Disclosures

There are many details consider when buying or selling a home.   Among them are two dangerous substances that may lurk in your home or a home you plan on purchasing: lead-based paint and radon gas.  The following briefly summaries these issues and explains the seller’s duty to disclose these and other potential problems.

LEAD-BASED PAINT
Regulations to implement the Federal Residential Lead-Based Paint Hazard Reduction Act were issued by the U.S Environmental Protection Agency (EPA) and the Department of Housing and Urban Development in March of 1996.  The purpose of these regulations is to ensure that families are aware of the hazards of exposure to lead-based paint and to inform them of ways to avoid such exposure before becoming obligated to purchase or lease housing that may contain lead-based paint.

Under the regulations, sellers and lessors of most residential housing built before 1978 must attach a standard disclosure and acknowledgement form to all sales contracts and leases, and provide purchasers and lessees with the EPA pamphlet“Protect Your Family from Lead in Your Home” before completing the contract or lease.  Purchasers and lessees will have ten days to conduct an inspection or risk assessment for the presences of lead-based paint before they will be obligated under a contract or lease.

A seller or lessor found to be in violation of the regulations will be subject to Federal criminal penalties of up to one year in prison, civil penalties of up to $10,000 per violation, and triple damages to a purchaser or tenant who brings a successful private suit for damages from lead-based paint in the residence.

RADON GAS
Radon is a colorless, odorless, radioactive gas produced by the natural decay of the elements radium and uranium contained in the soil.  Radon is the only naturally occurring radioactive element that is a gas.  Radon may enter a house through cracks in the foundation or floor slab ordrainage. Exposure has no immediate symptoms, but long-term exposure to high levels increases the risk of lung cancer.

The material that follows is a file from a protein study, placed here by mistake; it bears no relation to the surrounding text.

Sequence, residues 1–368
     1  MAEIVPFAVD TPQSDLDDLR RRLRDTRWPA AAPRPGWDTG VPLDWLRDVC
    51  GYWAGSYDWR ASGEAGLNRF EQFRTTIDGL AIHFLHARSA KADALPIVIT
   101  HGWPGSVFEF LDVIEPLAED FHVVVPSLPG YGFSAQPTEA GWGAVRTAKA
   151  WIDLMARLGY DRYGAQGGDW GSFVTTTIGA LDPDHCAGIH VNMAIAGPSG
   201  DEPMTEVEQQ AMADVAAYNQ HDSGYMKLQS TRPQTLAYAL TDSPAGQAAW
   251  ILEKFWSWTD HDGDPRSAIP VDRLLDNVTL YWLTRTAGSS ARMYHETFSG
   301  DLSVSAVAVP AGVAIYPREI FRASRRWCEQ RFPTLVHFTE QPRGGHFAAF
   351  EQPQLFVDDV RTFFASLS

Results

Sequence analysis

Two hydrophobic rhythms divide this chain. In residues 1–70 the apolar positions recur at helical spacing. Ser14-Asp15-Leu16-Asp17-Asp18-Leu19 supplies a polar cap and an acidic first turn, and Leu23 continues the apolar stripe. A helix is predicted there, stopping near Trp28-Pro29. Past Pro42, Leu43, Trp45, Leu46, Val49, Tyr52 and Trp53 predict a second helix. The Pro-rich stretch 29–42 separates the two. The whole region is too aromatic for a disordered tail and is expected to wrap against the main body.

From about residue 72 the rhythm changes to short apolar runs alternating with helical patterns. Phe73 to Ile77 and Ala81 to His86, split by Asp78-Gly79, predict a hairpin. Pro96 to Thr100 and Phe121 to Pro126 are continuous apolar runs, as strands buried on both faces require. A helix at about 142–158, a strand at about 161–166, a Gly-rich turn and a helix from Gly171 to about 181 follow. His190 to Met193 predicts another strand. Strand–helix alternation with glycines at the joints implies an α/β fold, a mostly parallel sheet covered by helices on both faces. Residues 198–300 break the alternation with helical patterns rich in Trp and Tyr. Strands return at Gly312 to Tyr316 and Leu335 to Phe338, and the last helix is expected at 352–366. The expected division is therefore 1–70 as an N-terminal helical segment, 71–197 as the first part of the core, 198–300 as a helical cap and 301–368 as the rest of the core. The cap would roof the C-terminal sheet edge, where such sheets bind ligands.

SELLER’S DUTY TO DISCLOSE
The residential Real Property Disclosure Act requires property sellers to give prospective buyers a written disclosure document regarding the physical condition of the property before any contract for sale is signed.  The Act encompasses transfers by sale, installment contract, assignment of beneficial interest, or lease with option to purchase.  It does not apply to transfers of new (residential) construction that has not been occupied.

The law provides a standardized form for the required disclosures.  The form, Residential Real Property Disclosure Report, contains twenty-some questions about the property, including questions about material defects, structural defects, and the presence of lead-based paint and radon gas.

Using the form as a guide, sellers are required to disclose “material defects” of which they have actual knowledge.  Material defects are conditions that adversely affect the property’s value or the health and safety of the occupants.  Sellers are not required to investigate for defects or to amend the disclosure document after it has been delivered to the prospective buyer unless it contains errors, inaccuracies, or omissions they had knowledge of or reasonably believed was corrected, nor are sellers liable for errors, inaccuracies, or omissions in information provided by contractors (such as a structural engineer or pest control inspector) or about matters within the scope of the contractor’s expertise.

Seller’s must complete and deliver the disclosure document to the buyer.  A seller who violates the Act will be liable for actual damages and court costs.  The court may also award reasonable attorney’s fees to the prevailing party.

CONSULT AN ATTORNEY
Whether you are buying or selling or just thinking about it, make sure you are aware of your rights and obligations.  No matter what the circumstances, consult an attorney before you sign any kind of contract, agreement, or disclosure.  Secure your future, call us now.